Big Table is long gone. The Review survives. “It’s very well run at the moment,” says McQuade. “David Nicholls has been the editor the last five years. He’s a graduate student in English. They’ve done a lot of special themes, one about contemporary writing in India that was sold to Penguin and published as a book.”

Unabomber’s Hollow Victory

An open letter to the Unabomber:

So you pulled it off. You penetrated the sanctum sanctorum inhabited by Lotto numbers, college-football odds, astrologers, and Mister Boffo. Your coup has caused some aggravation. Some say you finagled your way into a paper that was a cut above–the Washington Post, which printed your 35,000-word tract with the connivance of the even more regnant New York Times. But for all their splendors they’re daily papers too, and daily papers print what the breeze blows by.

“Neither paper has any journalistic reason to print this,” Donald Graham, publisher of the Post, insisted. That of course is flatly untrue. You’re a sick man, Unabomber, but I suppose hypocrisy registers on your radar. Your denunciations of civilization as we know it have struck a certain chord. Among the public there’s the modest clamor for more that justifies diagramless crossword puzzles, Ziggy, the Tribune’s Online NewsExtra service, and many things editors put in their papers.

Suppose you’d kept it short and sweet: “America repent. Print this or I shall kill again.” Would any paper have hesitated to report every word? Of course not. Suppose you’d sent your statement to the nation’s editors to do with as they wished. No one would have carried all 35,000 words, but we’d have seen long excerpts published under the rubric “news” (as indeed we did, long before the Post carried the entire statement).

The controversy then–to the extent there is one; the nation is not aboil–turns on three points: (1) you went on forever; (2) you’re a killer; (3) you hinted that if “Industrial Society and Its Future” appeared in full, you would not kill again. Point three might be construed as sweetening the pot, but it’s understandable that some journalists read it as extortion.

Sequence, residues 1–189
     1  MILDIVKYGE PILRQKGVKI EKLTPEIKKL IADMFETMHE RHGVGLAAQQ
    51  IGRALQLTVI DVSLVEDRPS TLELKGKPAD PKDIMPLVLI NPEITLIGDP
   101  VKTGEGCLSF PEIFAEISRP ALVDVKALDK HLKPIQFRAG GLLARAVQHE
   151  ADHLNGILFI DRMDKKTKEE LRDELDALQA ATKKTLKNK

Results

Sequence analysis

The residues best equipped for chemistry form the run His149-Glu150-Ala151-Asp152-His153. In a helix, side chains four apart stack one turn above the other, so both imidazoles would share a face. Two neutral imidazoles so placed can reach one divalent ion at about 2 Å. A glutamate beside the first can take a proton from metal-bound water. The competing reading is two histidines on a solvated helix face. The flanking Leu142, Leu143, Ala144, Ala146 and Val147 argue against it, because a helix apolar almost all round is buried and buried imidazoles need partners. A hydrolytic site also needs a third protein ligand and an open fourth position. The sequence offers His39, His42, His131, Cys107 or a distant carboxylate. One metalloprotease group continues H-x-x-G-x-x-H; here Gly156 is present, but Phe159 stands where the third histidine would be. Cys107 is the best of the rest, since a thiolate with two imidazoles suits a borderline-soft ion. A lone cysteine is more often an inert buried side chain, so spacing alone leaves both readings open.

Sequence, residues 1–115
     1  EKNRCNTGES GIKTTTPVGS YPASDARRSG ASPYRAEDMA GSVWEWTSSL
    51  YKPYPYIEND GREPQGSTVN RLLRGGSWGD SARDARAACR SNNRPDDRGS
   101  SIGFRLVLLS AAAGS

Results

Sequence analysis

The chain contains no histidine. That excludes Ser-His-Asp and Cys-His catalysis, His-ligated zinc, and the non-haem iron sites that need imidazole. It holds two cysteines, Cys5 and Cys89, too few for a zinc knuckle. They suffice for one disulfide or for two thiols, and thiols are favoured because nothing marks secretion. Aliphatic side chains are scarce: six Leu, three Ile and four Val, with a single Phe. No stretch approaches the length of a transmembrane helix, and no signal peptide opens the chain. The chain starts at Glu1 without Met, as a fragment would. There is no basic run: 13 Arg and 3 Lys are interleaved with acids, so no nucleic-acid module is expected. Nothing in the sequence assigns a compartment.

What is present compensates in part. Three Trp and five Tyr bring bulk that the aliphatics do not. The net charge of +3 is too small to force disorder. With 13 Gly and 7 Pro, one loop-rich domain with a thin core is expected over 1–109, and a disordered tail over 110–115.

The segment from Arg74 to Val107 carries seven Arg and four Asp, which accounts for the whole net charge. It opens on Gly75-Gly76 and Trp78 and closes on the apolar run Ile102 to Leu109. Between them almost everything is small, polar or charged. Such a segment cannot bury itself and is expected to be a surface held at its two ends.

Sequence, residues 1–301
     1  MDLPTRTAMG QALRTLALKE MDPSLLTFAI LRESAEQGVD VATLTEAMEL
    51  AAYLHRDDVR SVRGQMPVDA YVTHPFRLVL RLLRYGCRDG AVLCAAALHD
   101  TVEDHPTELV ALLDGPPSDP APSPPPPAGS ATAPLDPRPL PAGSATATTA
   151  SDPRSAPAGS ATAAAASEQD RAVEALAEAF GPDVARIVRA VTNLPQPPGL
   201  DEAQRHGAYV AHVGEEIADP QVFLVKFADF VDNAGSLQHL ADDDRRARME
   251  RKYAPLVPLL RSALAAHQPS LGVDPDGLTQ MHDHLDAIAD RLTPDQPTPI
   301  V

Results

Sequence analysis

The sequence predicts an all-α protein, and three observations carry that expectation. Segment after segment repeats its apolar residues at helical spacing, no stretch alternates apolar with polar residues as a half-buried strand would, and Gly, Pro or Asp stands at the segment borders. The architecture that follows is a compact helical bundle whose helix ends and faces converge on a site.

If you ask me, Unabomber, the Times and Post may have decided wrongly, but I’d be troubled only if they hadn’t decided at all. Publication should always be an option. An odd little AP story in the Sun-Times said you’d stirred up a debate “between those who said the newspapers were acting in the public interest and those who said the Times and Post had sacrificed their journalistic independence and set a dangerous precedent by caving in to a killer.” How do the Times and Post sacrifice their independence by exercising it?

Some critics assert that the Times and Post showed independence back in the 70s when they published the Pentagon Papers, but were coopted by the Justice Department this time. The cases don’t compare. In the 70s those papers resisted suppression. This time they would have been the suppressors. I know, Unabomber, you’re thinking, “Wise up. The papers have always suppressed plenty.” Point well taken. So maybe you now feel like the patron saint of every agitated schmuck who ever called a city desk with an ingenious theory of how the world’s going to hell and was blown off by a supercilious copy clerk. “Sorry. Not news fit to print. Empty ranting. Not for us.”

The papers don’t just convey the world–they fashion it, they tidy up, they filter out. Consider what the editor of the American Journalism Review told the Chicago Tribune when the Post printed your diatribe: “It sets a very dangerous precedent, particularly since there is so much anger out there, with people going to such a great extent to express their rage. This is like turning over a newspaper at gunpoint.”

Precedent? Come on. The next 35,000 words of anarchic Luddite sermonizing turned in by an unknown serial killer will hit the spike so fast an editor might drive a hole in his hand. I hear the AJR solon insisting that the vaster and more virulent the rage with which rabble like you threaten decent people like us, the further beneath a proper newspaper’s dignity it should be to communicate it. But subterranean hysterics are Americans too, and we have a right to know of them. The press’s filtering-out function ranks several rungs below its witnessing function.

Actually I doubt that first principles have much to do with your manifesto’s free ride. Do you buy the excuse that limitations on the New York Times’s presses are why the screed ran only in the Post? All over the nation the Post’s a lot harder to find, usually arriving at the few newsstands that carry it a day late. When you bought your copy did you take a look around? Do you think you spotted the FBI agent trying to spot you, maybe the guy thumbing through Penthouse?

Art accompanying story in printed newspaper (not available in this archive): photo/Lloyd DeGrane.